New York City public middle school placement decisions were distributed to students just before Spring Break 2019. For months leading up to the big day, parents had been hearing about how this would be the season of true equality in school admissions. But did that, in fact, happen? The headlines trumpeted: Two NYC districts embarked… Continue reading True Equality Means Everyone Is Equally Unhappy
About a year ago, I asked: Is an ‘Unenriched’ Spring Break Worth Living? I confessed that, despite offers flooding my inbox to sign my kids up for coding camp or a writing workshop or test prep, I was tired. So, over Spring Break, we did… nothing. In New York City, admitting you let a child… Continue reading The Privilege (and Cost) Of Being “Well-Rounded.”
Around this time every school year, I reflect upon my professional glows and grows as well as my students’ academic and social progress. This year is no different. The four key things I learned this 2018-2019 school year are: (1) It’s beneficial to build relationships with all students in my school — whether I am… Continue reading Of the Four Key Things I’ve Learned This School Year, This One Stands Out The Most.
StudentsFirstNY reports that dozens of public charter school parents from across New York City rallied outside the NYC Department of Education in support of a longstanding City initiative that allows charter schools to mail flyers to prospective families. New York City has a model program where it protects parent privacy so that no school has… Continue reading “Why Would the Mayor Want to Block Me and Other Parents From Knowing Our Public School Options?” Parents Speak Out.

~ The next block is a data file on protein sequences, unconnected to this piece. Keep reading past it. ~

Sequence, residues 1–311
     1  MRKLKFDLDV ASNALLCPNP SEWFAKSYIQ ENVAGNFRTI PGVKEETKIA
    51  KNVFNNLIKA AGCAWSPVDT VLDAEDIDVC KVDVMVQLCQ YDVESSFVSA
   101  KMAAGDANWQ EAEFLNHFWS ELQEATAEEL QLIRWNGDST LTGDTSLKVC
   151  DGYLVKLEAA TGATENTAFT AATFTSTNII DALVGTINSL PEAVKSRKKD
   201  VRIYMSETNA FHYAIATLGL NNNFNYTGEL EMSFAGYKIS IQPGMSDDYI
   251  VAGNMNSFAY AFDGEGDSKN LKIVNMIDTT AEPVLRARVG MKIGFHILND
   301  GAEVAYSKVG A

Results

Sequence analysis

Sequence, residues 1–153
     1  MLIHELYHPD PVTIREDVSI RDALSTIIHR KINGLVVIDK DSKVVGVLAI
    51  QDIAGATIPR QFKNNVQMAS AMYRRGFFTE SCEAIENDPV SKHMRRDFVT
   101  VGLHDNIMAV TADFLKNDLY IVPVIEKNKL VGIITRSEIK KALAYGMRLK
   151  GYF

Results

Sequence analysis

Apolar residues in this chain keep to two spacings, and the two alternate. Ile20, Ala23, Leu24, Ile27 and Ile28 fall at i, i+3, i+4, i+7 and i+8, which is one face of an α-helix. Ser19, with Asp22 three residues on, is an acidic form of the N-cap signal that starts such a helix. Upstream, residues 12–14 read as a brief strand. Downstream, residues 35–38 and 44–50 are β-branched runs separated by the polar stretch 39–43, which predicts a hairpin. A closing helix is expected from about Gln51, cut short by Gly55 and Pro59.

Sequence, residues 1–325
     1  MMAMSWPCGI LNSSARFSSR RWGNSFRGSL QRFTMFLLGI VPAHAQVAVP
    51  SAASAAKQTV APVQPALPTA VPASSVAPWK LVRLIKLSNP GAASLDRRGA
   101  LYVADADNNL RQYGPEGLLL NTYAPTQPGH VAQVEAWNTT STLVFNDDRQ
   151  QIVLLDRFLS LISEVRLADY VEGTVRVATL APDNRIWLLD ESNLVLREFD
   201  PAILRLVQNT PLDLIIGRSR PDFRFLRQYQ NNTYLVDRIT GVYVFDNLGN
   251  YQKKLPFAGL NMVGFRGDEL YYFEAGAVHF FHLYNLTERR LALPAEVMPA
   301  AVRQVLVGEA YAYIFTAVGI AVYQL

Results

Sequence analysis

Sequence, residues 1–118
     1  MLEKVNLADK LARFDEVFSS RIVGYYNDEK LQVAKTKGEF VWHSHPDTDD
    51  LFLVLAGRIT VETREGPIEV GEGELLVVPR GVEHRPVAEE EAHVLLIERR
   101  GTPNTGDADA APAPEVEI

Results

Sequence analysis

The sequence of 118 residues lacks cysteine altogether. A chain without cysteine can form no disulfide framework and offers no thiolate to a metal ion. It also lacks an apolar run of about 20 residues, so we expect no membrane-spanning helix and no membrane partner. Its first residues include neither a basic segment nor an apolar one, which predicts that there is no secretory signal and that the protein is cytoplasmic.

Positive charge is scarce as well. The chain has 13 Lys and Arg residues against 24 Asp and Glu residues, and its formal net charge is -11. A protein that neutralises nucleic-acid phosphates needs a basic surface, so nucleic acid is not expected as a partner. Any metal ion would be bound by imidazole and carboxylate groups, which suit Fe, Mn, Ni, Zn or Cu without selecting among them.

This is a fact sheet from the New York City Charter School Center that counters myths with facts about the DeBlasio Administration’s threat to block charter schools’ access to Vanguard, the city Department of Education’s direct-mail vendor. Without access, NYC families will have a far more difficult time making public school choices for their children.… Continue reading Myths Vs. Facts on NYC DOE’s Threat to Limit Parent Information About Public School Options for Their Children.
New York City families who’d been ripping their hair out for over two months finally learned where their children had been placed for General Education public school kindergarten on March 28th. The results had been posted for nearly a full day before the Department of Education notified anxiously waiting parents that they were available. When… Continue reading How It Really Works: Behind the Scenes of a NYC Public School Waitlist & More Parent Portal Glitches!
Last week, I received the following email from a parent: I‘m being told by the parent coordinator at our zoned school (PS 11Q) that general ed school choice is not real, and my child will be attending the zoned school no matter what I ranked. The PS 11Q parent coordinator did not schedule any open… Continue reading The Sorting Hat: How NYC’s Kindergarten Admission Really Works
March is National Disabilities Month, but in my family we observe this designation every day. Our fourth child, Jonah, has Fragile X Syndrome, a genetic mutation that can cause (as it does in our son’s case) a constellation of symptoms including global developmental delays and autistic-like behaviors. My sister is afflicted by both physical disabilities… Continue reading My Worlds Converge: A Personal Story About My Special Needs Son and The Contraction of Education Reform
I’ve been keeping a close eye on New York City’s Universal Pre-Kindergarten (UPK) program since Mayor Bill de Blasio first triumphantly announced his signature initiative in 2014. I read every press release about what would happen… and compared it to what actually happened. I explained why, despite posters insisting it was so, UPK was neither… Continue reading Universal Pre-K Closes Without Warning, Kids Left With Nowhere To Go: Parents Tell All!
I had a whole blog post planned out about yet another example of educational disparities on Long Island when I read this in ERASE Racism: The vast majority of Long Island students attend low‐ and average‐need districts. Only 14% of all Long Island students attend high‐need districts. There are, however, extremely large racial and… Continue reading Complaining Doesn’t Win Educational Revolutions – Civic Engagement Does! Here Are Some First Steps from Your Local Activist.